Trying to blur memories of the Gulag, Russia targets a rights group

At her home in Magadan, Russia, a former gulag prisoner holds a picture of her work brigade at a forced labor camp in Kolyma on Nov 29, 2019. Russian President Vladimir Putin has set his sights on rewriting the memory of one of the most painful times in Russia’s turbulent history. Emile Ducke/The New York Times
In the days after the collapse of the Soviet Union, the upheaval and uncertainty that gripped Russia were accompanied by a liberating climate of openness, in which free expression, historical examination and political dissent could flourish.

But in the two decades since Vladimir Putin took power, the government has steadily rolled back those rights.

Now Putin has set his sights on rewriting the memory of one of the most painful times in Russia’s turbulent history: the era of the gulag, when millions of Russians toiled and died, mostly in the first half of the 20th century. Russian prosecutors are moving to liquidate the archive and human rights center of Memorial International, the country’s most prominent human rights organization, which is dedicated to the remembrance of those who were persecuted by the Soviet Union’s often-brutal regime.

Activists and dissidents consider the threat to Memorial a watershed moment for independent thinkers in Russia .

Two court hearings this week may decide Memorial’s fate. On Tuesday, Moscow’s City Court will consider allegations that Memorial’s Human Rights center “justifies terrorist activities” because it included members of imprisoned religious groups on its list of political prisoners. Later in the week, the Supreme Court will take up charges that Memorial International, which houses the group’s archive, violated a draconian “foreign agent” law.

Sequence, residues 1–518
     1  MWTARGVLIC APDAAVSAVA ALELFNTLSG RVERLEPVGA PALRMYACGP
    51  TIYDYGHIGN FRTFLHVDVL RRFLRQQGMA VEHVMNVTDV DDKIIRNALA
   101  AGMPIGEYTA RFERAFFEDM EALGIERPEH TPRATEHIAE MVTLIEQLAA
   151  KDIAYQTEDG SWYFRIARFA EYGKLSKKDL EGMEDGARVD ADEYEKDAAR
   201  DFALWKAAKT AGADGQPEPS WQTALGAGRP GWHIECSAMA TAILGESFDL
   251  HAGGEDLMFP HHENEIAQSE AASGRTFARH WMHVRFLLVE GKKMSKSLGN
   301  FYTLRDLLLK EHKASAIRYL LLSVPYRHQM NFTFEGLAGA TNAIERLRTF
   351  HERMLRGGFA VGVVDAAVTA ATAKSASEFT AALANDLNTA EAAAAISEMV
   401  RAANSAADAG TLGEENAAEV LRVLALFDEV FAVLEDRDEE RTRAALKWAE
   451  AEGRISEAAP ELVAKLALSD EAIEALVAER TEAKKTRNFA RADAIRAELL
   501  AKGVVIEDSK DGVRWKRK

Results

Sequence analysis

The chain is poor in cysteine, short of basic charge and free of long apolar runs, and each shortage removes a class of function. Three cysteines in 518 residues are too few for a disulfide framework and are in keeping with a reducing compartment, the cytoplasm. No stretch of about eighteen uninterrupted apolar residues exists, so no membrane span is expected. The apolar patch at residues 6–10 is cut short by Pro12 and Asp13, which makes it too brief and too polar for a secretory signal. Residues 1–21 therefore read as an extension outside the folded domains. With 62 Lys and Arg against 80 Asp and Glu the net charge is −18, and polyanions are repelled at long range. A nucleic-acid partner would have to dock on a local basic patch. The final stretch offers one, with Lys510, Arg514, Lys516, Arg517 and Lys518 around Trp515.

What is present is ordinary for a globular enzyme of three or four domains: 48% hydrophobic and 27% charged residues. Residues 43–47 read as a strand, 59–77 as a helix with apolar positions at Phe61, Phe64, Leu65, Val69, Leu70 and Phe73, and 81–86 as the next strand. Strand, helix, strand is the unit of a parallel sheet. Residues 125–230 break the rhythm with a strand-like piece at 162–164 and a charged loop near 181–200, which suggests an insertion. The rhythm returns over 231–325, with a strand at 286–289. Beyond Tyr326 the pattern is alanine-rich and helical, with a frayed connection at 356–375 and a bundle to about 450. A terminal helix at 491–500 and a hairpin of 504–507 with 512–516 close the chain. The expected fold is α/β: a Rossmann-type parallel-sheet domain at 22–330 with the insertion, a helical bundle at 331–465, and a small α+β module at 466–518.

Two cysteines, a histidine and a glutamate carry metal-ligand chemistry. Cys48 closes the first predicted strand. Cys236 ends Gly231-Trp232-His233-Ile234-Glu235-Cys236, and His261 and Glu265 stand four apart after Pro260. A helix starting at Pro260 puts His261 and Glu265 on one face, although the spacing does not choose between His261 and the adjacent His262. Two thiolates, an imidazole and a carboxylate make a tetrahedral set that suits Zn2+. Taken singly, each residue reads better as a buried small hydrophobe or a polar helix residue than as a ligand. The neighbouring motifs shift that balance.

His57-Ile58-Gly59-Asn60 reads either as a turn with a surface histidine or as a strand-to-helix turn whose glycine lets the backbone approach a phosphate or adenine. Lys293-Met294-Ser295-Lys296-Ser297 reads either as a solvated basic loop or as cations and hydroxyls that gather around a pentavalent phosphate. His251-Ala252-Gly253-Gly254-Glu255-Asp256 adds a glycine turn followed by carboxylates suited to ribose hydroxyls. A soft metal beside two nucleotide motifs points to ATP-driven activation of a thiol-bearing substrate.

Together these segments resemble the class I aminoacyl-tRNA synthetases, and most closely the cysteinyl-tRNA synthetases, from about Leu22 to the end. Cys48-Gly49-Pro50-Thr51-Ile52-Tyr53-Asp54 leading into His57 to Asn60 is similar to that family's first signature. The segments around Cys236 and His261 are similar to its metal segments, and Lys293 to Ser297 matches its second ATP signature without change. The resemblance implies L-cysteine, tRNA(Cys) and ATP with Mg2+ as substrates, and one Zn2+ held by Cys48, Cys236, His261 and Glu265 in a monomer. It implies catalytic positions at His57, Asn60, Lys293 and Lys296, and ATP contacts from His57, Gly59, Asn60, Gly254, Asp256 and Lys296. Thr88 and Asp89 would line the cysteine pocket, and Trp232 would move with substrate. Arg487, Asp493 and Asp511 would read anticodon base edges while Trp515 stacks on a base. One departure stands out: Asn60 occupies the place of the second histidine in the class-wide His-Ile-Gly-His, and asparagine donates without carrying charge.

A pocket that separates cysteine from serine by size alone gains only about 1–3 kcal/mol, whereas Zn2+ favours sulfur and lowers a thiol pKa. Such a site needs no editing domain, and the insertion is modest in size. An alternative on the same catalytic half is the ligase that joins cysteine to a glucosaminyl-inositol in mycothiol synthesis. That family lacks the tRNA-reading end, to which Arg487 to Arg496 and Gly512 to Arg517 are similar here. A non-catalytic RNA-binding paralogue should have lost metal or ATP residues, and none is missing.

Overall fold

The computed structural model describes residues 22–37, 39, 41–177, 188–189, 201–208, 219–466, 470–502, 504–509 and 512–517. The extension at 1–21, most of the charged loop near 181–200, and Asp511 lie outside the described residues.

Memorial’s Human Rights Center monitors civil liberties and provides legal assistance to those who run afoul of the system. The organisation has supported more than 1,500 cases before the European Court of Human Rights in Strasbourg, France.

The Human Rights Center announced Nov. 11 that it faced possible liquidation, three months after releasing its tally of 419 political prisoners.

The vast majority of those on the list were jailed because of their religion, including Jehovah’s Witnesses, who are banned in Russia and have a status equivalent to terrorists.

As a result, prosecutors accused Memorial’s Human Rights Center of sanctioning “terrorist activities,” giving rise to Tuesday’s hearing.

The second hearing focuses on alleged violations of Russia’s “foreign agent” legislation. The law forces them to use the label “foreign agent’’ in all public communication, which the prosecutors say the organisation failed to do.

In the past 14 months the relevant auditing bodies did not find any instances of Memorial International failing to comply with the law, while authorities found only two minor violations by the human rights center, according to members of Putin’s Human Rights Council, an advisory body with little influence.

©2021 The New York Times Company